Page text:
What then, caused the change from a decidedly more Zwinglian approach to a more Bucerian view of song in worship. At this point, my read of Garside is that he claims the pivot was not as much intellectual as it was experiential. When Calvin arrived in Geneva in the autumn of 1536, he complained that the prayers of the Genevan’s were “cold.” Garside explains that Calvin is probably reacting to the fact that when he arrived in Geneva there was no music worship at all since Farel had abolished it from the liturgy (p.14). It seems like Calvin experienced a sort of renaissance in his thinking by actually experiencing what life would be like without worship song, and he found it lacking indeed! After enduring several months of songless worship Calvin submitted a proposal for change in worship practice in the Articles of 1537. What Calvin proposed would not, at least at this time, be approved in Geneva. By early 1538, not only would Calvin not yet be enjoying the proposed change in worship, he also found himself in the position of being banished from Geneva by the city council. On account of his refusal to endorse the arrangement which would cement political ties between Geneva and the Swiss city of Bern by implementing liturgical reform that would make these two cities uniform in their worship, Calvin and Farel were given their "pink slips" and were bounced out of Geneva (p.14).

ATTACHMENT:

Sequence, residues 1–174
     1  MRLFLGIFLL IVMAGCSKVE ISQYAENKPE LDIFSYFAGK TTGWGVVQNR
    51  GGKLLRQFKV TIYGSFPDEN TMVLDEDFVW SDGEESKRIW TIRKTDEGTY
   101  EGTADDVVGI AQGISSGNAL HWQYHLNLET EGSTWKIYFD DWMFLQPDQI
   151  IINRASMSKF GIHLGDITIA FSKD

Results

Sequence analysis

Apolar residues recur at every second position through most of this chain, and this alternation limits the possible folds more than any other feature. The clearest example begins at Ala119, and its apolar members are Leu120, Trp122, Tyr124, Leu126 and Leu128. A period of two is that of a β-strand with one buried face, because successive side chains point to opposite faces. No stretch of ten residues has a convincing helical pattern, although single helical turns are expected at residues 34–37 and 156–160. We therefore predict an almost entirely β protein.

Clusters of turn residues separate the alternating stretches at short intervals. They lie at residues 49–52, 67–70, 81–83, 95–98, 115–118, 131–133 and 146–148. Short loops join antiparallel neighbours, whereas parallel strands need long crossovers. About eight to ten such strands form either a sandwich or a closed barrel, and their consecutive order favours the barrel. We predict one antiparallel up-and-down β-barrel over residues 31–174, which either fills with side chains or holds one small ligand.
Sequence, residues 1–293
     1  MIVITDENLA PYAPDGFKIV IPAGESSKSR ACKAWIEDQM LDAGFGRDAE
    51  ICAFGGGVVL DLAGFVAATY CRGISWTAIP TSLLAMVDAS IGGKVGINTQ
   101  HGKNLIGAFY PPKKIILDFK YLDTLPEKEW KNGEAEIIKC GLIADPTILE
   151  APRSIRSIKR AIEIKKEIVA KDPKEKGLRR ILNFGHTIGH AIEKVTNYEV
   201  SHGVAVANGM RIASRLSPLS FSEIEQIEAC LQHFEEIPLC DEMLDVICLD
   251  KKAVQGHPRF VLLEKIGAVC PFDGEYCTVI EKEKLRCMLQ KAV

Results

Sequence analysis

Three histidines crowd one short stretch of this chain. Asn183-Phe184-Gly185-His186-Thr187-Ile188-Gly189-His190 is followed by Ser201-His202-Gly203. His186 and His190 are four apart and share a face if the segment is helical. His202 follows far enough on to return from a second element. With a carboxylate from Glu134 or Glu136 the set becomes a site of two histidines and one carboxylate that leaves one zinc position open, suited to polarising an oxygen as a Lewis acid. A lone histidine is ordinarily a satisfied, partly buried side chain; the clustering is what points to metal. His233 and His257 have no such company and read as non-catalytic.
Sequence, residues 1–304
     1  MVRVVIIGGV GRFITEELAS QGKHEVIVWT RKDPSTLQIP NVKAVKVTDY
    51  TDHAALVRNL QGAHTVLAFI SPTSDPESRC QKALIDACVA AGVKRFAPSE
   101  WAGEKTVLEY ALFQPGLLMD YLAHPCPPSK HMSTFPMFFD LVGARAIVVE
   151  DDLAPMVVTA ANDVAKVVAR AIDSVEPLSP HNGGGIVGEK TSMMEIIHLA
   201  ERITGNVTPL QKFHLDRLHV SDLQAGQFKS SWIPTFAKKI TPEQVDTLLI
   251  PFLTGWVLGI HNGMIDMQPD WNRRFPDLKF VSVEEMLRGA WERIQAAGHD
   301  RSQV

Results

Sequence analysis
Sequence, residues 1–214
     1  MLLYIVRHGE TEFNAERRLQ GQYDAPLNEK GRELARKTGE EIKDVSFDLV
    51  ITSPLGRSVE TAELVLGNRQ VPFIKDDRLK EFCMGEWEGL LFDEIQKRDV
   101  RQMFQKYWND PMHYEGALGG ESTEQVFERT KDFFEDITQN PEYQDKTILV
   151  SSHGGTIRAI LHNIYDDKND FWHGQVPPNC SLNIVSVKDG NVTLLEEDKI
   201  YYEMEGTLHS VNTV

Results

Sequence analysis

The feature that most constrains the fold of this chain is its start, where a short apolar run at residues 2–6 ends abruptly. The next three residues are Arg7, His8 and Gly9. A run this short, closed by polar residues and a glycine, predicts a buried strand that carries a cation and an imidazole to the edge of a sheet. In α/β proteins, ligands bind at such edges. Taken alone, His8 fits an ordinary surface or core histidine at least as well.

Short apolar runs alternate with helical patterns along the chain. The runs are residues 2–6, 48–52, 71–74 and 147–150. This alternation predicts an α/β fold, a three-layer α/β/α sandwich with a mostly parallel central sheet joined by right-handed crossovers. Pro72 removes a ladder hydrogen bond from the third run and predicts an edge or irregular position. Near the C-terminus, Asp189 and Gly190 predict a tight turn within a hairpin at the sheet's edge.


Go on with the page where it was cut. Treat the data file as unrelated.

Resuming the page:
In spite of the turbulence experienced by Calvin and Farel, a silver lining would emerge in the clouds as a result of their banishment from Geneva.   Upon their dismissal from Geneva, both Calvin and Farel went straight to Bern in order to give an account of the fallout in Geneva. From there, they went on to a local synod meeting at Zurich in early May of 1528 where something of a tectonic shift occurred. There, Calvin and Farel presented 14 articles for consideration, and among those, article 13, was a requirement to sing psalms in public worship. The synod unanimously approved these articles, including article 13, and just a couple of months later the city of Bern changed course from a Zwinglian policy of no congregational singing to one of exclusive psalmody in June of 1538. Ironically the unintended consequences of the Bernese political arrangement with Geneva left Calvin without a pastoral call, while at the same time, it triggered a massive change in policy among the Swiss churches which signaled a decisive shift away from the policies of Zwingli toward the new views of Calvin (Bucer!) on worship song.

Next time, we will survey Calvin’s pastorate in Strasbourg.